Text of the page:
When you’re not producing as much oestrogen, your body experiences inflammation and oxidative stress, which leave you less able to build and maintain lean muscle mass from resistance training. Plus, you naturally lose muscle mass slowly as you age, leaving your bones and muscles weaker and at greater risk of sprains or injury. As your muscle mass begins to decline, your metabolism falls with it. This is because lean muscle is metabolically active tissue – meaning the more muscle you have, the more energy you burn each day even when you’re not being physically active. So naturally, the reverse is also true: when you have less muscle, you burn less energy throughout the day. This can result in fat gain around your middle, as well as a reduced ability to regulate your blood sugar and insulin levels.

Exercise plays a significant role in helping you efficiently regulate your blood sugar and insulin levels too. So if you start to exercise less and less during peri (especially when it’s resistance training you’re neglecting!), your body is less able to “mop up” and use the glucose in your bloodstream, and less responsive to insulin production. The combination of less physical activity and a slowed metabolism contribute to a much greater risk of insulin resistance during peri.

3. You experience changes to your gut and digestive system.

Enter: more hormonal changes which can increase your risk of insulin resistance in perimenopause!

Once again, lower oestrogen levels have been shown to reduce the diversity of your gut microbiome, meaning the variety of different strains of gut bacteria found in your gut decreases. These bacteria are responsible for many important body functions, including maintaining gut and digestive system health, facilitating your ability to absorb nutrients from your food, regulating your appetite and dictating your food choices too. With less diversity in your gut comes an increased risk of insulin resistance, as certain bacteria strains have been proven to increase your chances of craving (and eating!) high-sugar, highly palatable foods instead of more nutrient-dense whole foods. As you become less in control of your own food choices (side note: you probably won’t notice you’re less in control either), you tend to eat higher carbohydrate and sugar loads, spiking your blood sugar and contributing to the development of insulin resistance over time.

The hormones that help regulate your hunger and food choices also change during this stage of life. Three key players are involved here:

  Ghrelin. Ghrelin is your “hunger hormone”, meaning the more you produce, the hungrier you feel. Ghrelin levels have been shown to increase as insulin resistance develops, with evidence showing ghrelin influences insulin sensitivity (and vice versa too). Insulin is able to reduce ghrelin levels. So when your body stops effectively responding to insulin or becomes unable to produce it (because those cells in your pancreas have become exhausted), there’s no longer any regulation on your feelings of hunger. Instead, your production of ghrelin increases, making you more likely to overeat and go wild on high-sugar, refined foods which contribute to insulin resistance over time.

  Leptin. Leptin is almost the reverse of ghrelin, acting as your satiety hormone so you feel full and satisfied after eating. Your body produces leptin to help maintain your normal weight in the long-term. Studies show leptin resistance is linked to insulin resistance, with prolonged high blood insulin levels potentially causing leptin resistance, leading to metabolic syndrome and obesity in some people. High levels of leptin have a pro-inflammatory effect on your body, and have been proven to contribute to insulin resistance. Basically, when your body is no longer sensitive to recognise leptin, it doesn’t realise you’re full. So you’ll keep eating and eating – often high-sugar or high-fat foods – which wreak havoc on your blood sugar and insulin levels, and can worsen your risk of insulin resistance. Couple this with the increase in your hunger hormone and your appetite is all out of whack thanks to peri’s hormonal changes.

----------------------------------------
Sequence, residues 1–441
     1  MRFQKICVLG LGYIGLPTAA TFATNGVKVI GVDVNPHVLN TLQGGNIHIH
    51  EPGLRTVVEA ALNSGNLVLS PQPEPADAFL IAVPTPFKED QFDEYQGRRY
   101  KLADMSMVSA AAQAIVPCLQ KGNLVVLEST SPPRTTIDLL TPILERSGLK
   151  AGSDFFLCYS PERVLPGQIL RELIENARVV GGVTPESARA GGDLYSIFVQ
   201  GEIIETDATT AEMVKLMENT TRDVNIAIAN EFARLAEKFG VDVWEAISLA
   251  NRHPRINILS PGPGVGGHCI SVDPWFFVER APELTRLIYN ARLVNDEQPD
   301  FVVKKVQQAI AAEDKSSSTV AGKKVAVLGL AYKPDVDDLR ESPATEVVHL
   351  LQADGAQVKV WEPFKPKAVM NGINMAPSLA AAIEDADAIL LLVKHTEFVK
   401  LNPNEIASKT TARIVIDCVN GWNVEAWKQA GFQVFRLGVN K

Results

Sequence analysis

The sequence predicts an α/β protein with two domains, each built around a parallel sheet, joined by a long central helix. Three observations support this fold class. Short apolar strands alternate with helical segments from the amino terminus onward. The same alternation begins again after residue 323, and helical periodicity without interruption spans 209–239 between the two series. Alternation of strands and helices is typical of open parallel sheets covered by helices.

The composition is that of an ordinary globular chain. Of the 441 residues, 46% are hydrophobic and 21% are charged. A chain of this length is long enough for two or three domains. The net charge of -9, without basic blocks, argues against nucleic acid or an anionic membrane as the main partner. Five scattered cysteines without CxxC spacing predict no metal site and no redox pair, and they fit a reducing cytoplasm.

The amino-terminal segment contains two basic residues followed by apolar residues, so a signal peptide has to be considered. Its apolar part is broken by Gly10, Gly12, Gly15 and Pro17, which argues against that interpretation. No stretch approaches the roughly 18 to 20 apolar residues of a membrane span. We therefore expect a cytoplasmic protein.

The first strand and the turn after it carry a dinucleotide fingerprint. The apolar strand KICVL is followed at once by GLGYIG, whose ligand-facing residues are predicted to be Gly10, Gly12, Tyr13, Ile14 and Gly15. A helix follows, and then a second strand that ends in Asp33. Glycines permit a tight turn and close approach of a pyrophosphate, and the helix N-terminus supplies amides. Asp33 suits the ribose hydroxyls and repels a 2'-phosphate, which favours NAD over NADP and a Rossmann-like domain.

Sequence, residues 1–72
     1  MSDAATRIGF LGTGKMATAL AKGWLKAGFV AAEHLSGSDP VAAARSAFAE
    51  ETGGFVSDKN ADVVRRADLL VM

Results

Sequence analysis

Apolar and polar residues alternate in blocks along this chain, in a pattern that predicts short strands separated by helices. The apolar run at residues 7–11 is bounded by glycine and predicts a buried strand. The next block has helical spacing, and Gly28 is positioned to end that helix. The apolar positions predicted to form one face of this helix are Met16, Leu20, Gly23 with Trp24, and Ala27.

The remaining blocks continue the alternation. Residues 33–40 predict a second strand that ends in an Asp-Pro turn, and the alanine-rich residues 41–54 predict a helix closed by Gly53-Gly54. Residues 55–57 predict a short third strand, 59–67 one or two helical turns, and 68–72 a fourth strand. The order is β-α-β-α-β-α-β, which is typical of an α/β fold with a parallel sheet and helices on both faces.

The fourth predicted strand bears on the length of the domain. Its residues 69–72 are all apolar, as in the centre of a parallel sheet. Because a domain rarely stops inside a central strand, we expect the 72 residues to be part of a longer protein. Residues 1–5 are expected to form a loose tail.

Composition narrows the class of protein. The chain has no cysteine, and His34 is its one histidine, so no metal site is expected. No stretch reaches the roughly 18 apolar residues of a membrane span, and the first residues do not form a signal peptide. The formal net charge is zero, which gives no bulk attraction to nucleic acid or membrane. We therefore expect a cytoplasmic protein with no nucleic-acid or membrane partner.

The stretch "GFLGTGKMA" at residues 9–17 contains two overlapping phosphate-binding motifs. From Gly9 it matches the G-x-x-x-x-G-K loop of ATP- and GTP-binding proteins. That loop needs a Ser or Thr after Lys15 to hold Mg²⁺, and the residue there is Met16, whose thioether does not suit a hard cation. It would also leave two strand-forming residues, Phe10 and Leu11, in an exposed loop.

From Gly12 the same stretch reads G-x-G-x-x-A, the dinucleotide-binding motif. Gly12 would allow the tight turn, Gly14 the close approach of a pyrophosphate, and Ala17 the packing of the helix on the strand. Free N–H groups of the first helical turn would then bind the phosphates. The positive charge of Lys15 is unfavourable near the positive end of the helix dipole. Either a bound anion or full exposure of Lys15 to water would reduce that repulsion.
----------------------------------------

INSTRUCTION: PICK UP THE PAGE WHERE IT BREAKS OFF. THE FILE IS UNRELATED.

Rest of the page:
GLP. GLP, or Glucagon-like peptide 1 (GLP-1), has also been linked to insulin resistance. Lower production of GLP has been associated with an increase in insulin resistance, potentially causing high blood insulin levels (hyperinsulinemia). GLP impacts markers of both obesity and insulin resistance, with changes to your production of this hormone during peri once again contributing to your risk of insulin resistance.

How can you reverse insulin resistance?

You’ve been bombarded with the many ways in which perimenopause changes can increase your risk of developing insulin resistance. But before you panic, it’s important to note this risk can be minimised with some simple dietary and lifestyle tweaks. Let’s get into them.

1. Movement

There are two key considerations for your movement patterns during peri to manage your risk of insulin resistance. Firstly, try to move after your meals. And you don’t have to smash out a HIIT session or a long-distance run! Studies show even 2 minutes of low-intensity walking after eating can help manage the effect your meals have on your blood sugar levels, thereby preventing insulin resistance at the same time. And if you can’t commit to walking after a meal, even standing up will improve your body’s response to the glucose load from your food.

Timing does matter too. If you’re doing your light movement at the same time as your blood sugar peaks after eating, this is even more effective in reducing your blood glucose levels – compared to if you did your movement before the peak. Research suggests this peak occurs between 30-90 minutes after your meal, so instead of racing out the door after your last bite, take your time. Go for a leisurely stroll after you’ve taken a moment to sit, digest and appreciate your food. This will prevent your blood glucose levels from spiking, and stabilise your insulin levels too. Over time, exercise also helps your body to use insulin more efficiently, preventing insulin resistance. Simple, but effective!

The second consideration when it comes to movement is to add resistance training into your regular routine. Not only is resistance training an excellent way to improve your body’s efficiency and sensitivity to insulin as mentioned, but it also helps you build lean muscle and supports a higher metabolic rate. This means your body burns more energy day-to-day, reducing your chances of developing insulin sensitivity significantly. In fact, various studies have shown just how effective resistance training is in improving insulin sensitivity as you age